Drug Law

Veterans Who Rely on VA for Health Care Can't Get Medical Marijuana

| by Marijuana Policy Project

By Mike Meno

A story out of New Mexico yesterday sheds light on the dilemma facing many veterans who could benefit from medical marijuana and rely solely on the Department of Veterans Affairs for their health care.

Taking guidance from the DEA, the VA does not allow its doctors to recommend medical marijuana. Those who do will face civil and criminal penalties, in addition to the loss of their license. (Veterans can still try to obtain a recommendation from an outside physician.)

This policy is unchanged in states where medical marijuana is legal, such as New Mexico, where the most common affliction of those enrolled in the state’s medical marijuana program is post-traumatic stress disorder—something experienced by one in five returning veterans from Iraq and Afghanistan, according to 2008 study.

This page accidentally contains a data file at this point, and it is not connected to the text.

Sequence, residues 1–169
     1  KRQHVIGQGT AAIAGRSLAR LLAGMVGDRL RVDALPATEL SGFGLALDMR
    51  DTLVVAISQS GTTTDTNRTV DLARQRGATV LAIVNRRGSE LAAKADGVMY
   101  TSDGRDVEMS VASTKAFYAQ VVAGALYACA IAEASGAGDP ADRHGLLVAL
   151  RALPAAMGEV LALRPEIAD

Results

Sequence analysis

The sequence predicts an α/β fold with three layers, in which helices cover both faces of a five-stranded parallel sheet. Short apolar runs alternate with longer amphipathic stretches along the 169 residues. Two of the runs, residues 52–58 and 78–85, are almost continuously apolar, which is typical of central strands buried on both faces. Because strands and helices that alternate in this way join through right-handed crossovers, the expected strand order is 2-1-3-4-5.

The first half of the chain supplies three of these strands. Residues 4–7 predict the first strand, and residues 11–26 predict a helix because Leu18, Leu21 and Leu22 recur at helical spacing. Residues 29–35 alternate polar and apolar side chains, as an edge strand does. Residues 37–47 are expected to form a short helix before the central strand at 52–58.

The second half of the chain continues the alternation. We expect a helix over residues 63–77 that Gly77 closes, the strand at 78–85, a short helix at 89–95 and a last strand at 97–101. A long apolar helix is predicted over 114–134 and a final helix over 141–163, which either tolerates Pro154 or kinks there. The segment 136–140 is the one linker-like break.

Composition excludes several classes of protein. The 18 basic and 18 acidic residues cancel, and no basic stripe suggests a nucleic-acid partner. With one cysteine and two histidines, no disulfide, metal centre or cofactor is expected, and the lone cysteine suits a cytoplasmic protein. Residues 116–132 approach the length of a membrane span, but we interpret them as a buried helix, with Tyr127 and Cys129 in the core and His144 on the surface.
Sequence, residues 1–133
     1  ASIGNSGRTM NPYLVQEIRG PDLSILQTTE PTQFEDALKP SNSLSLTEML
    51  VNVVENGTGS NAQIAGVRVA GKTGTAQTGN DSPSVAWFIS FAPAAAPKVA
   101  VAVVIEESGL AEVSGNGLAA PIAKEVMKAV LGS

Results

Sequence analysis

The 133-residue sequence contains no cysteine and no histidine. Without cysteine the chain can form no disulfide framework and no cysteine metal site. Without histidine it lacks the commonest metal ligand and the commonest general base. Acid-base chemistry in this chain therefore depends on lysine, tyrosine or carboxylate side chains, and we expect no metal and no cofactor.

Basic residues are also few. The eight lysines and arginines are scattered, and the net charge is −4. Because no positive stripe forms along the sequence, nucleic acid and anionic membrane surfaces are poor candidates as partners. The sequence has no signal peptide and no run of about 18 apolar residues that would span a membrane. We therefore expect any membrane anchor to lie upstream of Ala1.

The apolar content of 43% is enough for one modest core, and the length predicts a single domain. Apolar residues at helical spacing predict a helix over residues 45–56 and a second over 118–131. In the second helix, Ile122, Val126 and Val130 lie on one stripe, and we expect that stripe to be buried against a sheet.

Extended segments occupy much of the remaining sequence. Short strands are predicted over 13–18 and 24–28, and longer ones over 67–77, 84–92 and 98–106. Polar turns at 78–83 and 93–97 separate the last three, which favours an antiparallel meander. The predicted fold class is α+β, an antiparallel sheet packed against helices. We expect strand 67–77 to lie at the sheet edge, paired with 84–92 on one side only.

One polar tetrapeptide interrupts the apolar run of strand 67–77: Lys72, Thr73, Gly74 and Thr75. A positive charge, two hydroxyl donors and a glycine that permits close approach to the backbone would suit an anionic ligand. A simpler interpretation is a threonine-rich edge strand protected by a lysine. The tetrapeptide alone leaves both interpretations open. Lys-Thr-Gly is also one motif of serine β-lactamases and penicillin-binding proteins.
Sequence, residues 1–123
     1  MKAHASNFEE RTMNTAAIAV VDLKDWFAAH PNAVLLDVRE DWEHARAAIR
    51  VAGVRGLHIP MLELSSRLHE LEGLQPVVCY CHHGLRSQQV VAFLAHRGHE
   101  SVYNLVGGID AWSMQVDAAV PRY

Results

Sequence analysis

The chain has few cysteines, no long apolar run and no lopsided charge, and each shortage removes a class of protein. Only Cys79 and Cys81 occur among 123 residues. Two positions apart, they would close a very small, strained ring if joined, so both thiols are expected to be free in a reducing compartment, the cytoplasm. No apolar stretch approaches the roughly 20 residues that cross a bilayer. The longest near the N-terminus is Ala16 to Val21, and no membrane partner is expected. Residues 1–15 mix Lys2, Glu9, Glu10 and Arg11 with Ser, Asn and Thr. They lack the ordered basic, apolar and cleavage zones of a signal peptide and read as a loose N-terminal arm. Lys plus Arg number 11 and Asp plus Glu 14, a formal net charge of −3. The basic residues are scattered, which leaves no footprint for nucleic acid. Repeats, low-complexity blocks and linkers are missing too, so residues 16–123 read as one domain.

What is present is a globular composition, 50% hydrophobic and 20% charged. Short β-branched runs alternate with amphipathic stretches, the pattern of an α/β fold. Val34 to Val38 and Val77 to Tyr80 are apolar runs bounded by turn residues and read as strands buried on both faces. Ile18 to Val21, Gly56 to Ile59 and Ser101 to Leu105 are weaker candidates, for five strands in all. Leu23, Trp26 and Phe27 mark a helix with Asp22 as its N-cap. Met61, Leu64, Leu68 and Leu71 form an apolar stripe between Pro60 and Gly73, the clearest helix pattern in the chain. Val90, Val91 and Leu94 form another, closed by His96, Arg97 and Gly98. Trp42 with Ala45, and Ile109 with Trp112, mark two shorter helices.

As readers of this blog are well aware, there’s been a great deal of research and patient testimony showing medical marijuana to be effective at relieving the effects of PTSD.

But rather than help veterans access such safe and effective treatment, the VA’s current policy, according to one veteran, has forced many sufferers of PTSD to rely on more addictive prescription drugs, or self-medication with alcohol and other dangerous substances.

Is this really how we want to treat the veterans of our armed services?